Call for Abstracts Special Issue of History and Technology
A New History of the Telephone: Inter-medial/Inter-technological and Transnational Perspectives
Guest editors: Gabriele Balbi and Christiane Berth
The history of the telephone has often been written from a single-medium and national perspective. Histories of the telephone are mainly based on national case studies and do not connect this device with other technologies. Consequently, it is time to advance the historiography of the telephone in two directions. This special issue aims to reconsider the history of the landline and mobile telephone by placing it in an inter-medial/inter-technological and transnational perspective. This means that contributions should (re)read the history of this medium considering first its relationship to other fields of technology, for example, the area of communication or transportation. Second, we invite contributions that examine how the telephone has included, excluded, or even fought contemporary technologies in different times and across different geographical spaces. Thus, we are seeking pieces that explore the telephone’s interactions with different technologies and different cultures from the late 19th through the early 21st century, welcoming also a longue durée perspective.
This special issue addresses different theoretical aims: first, it aims to merge media and telecommunications studies, two branches that have frequently been kept separated. Media history has often been interpreted as mass media history, focusing on the press and broadcasting, while adopting mainly institutional and cultural studies perspectives. Telecommunications history, on the other side, is a field mainly explored by historians of technology and business so it has often focused on the technical or economical dimensions of networks. This special issue would like to offer a convergence of the history of mass media with the history of the telephone. In general, media convergence is considered a late 20th-century phenomenon and an effect of digitization. On the contrary, we aim to demonstrate that forms of convergences among different technologies were already happening in the late 19th and early 20th century thanks to the telephone.
Second, media convergence is linked with inter-mediality or inter-technology. Media scholars agree on the fact that different media are all interrelated and analyze this phenomenon as inter-medial or media system logic. This inter-medial and inter-technological element is the dominant theme of this special issue. For example, the history of mobile telecommunications needs to consider interactions with the history of landline telephones, wireless telegraphs, computers, and the web as well as photography and phonography in terms of sound storing. Thus, communication media cannot be studied in isolation. By contrast, their economic, technical, sociocultural, and even anthropological dimensions can only be understood in the context of the media systems in which they play an integral role. At the same time, the history of the telephone needs to be studied in the context of the non-communication technologies that shape it. Indeed, technologies, apparently unrelated and far from telephony, can shape governmental policies, business strategies, technological networks, and users’ experiences. Keeping the example of the history of mobile phone, we need to consider it in connection with trains, cars, planes, and electrical networks.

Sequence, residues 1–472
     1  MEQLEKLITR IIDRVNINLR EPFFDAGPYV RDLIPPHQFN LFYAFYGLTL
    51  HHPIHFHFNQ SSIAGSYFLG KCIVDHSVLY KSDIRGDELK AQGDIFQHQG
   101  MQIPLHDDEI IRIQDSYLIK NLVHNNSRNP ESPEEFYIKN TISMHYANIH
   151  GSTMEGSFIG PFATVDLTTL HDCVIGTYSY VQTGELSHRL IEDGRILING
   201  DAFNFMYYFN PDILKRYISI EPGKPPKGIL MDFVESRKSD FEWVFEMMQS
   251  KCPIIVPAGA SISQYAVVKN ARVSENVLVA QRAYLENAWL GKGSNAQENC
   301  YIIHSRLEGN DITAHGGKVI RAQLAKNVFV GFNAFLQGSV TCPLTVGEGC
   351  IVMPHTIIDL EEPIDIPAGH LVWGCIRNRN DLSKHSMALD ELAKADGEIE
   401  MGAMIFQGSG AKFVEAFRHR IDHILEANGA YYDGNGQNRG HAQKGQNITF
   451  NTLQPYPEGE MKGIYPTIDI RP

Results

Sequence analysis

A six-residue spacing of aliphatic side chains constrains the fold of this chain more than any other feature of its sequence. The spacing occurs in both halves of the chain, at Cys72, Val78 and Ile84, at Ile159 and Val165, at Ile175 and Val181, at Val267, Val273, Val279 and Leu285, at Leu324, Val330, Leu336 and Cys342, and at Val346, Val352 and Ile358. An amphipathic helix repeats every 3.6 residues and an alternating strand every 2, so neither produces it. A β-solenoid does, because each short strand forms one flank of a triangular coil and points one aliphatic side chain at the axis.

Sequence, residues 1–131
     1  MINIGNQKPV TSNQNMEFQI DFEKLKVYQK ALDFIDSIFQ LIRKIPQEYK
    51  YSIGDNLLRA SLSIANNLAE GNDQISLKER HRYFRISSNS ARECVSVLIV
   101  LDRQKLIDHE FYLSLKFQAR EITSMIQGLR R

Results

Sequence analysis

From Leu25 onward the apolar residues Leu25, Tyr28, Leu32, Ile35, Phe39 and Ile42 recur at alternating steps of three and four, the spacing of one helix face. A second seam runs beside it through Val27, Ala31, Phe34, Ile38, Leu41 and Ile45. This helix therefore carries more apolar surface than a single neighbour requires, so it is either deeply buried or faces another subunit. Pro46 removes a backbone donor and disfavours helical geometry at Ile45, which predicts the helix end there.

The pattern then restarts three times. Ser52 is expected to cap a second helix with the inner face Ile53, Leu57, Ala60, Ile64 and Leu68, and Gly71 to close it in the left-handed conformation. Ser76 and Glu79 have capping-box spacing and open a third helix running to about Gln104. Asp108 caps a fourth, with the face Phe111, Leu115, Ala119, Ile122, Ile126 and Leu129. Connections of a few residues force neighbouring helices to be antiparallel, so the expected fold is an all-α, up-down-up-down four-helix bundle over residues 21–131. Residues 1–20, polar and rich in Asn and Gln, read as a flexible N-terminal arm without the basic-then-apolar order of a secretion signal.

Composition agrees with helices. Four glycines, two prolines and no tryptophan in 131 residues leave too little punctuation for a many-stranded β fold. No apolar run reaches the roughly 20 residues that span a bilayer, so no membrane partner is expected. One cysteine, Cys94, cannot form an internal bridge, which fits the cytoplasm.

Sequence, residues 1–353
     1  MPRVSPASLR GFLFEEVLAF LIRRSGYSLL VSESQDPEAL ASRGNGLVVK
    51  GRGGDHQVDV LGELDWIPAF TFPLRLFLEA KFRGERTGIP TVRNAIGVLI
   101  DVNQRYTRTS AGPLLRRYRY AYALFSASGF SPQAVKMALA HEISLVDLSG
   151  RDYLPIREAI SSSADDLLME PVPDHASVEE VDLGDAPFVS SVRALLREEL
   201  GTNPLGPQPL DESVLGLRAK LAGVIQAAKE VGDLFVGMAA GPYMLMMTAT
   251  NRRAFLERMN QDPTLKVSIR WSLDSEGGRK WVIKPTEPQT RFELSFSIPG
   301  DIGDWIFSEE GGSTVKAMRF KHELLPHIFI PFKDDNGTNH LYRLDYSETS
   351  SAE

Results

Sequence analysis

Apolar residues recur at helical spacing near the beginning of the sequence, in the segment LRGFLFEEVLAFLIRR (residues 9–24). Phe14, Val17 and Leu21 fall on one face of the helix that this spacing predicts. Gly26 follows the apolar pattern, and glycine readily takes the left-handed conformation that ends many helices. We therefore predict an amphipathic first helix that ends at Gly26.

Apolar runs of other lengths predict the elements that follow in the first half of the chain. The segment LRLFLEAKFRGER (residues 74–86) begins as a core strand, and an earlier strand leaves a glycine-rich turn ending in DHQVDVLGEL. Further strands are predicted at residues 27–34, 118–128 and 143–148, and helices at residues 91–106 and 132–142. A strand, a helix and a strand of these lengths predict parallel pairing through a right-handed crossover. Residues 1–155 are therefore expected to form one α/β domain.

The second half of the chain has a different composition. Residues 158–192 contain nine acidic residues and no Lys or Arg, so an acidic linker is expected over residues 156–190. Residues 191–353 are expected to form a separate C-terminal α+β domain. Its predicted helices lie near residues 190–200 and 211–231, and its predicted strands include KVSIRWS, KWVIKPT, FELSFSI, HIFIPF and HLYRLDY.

Finally, this special issue will introduce telephone history as a transnational, “entangled” history. This means analyzing historical interactions in the context of capitalism, colonialism, and decolonialism, multinational enterprise, development cooperation, (neo)liberalism, and privatization of everyday life. Especially in the second half of the twentieth century, political interventions were aimed at reducing inequalities in access to telecommunication. Again, inter-technological interactions were important, as the satellite provided new opportunities for rural telephony. However, the mobile phone closed the gap in many world regions in the late twentieth century.
Contributors can come from a wide range of disciplines, such as media and communication studies, telecommunications, political economy, political sciences, cultural studies, history, or geography. We are especially interested in papers that combine a broad theoretical analysis with historical case studies. We also invite authors to reflect from an interdisciplinary perspective on transnational perspectives and inter-technological methodology.
- Abstracts of 250 words can be submitted to guest editors until December 31, 2017 and the selected ones will be notified by January 15, 2018.
- Accepted authors will have to submit a full paper of no more than 7,500 words by May 2018. All papers will undergo a double-blind peer-review process.
- The issue is scheduled for publication in Spring 2019.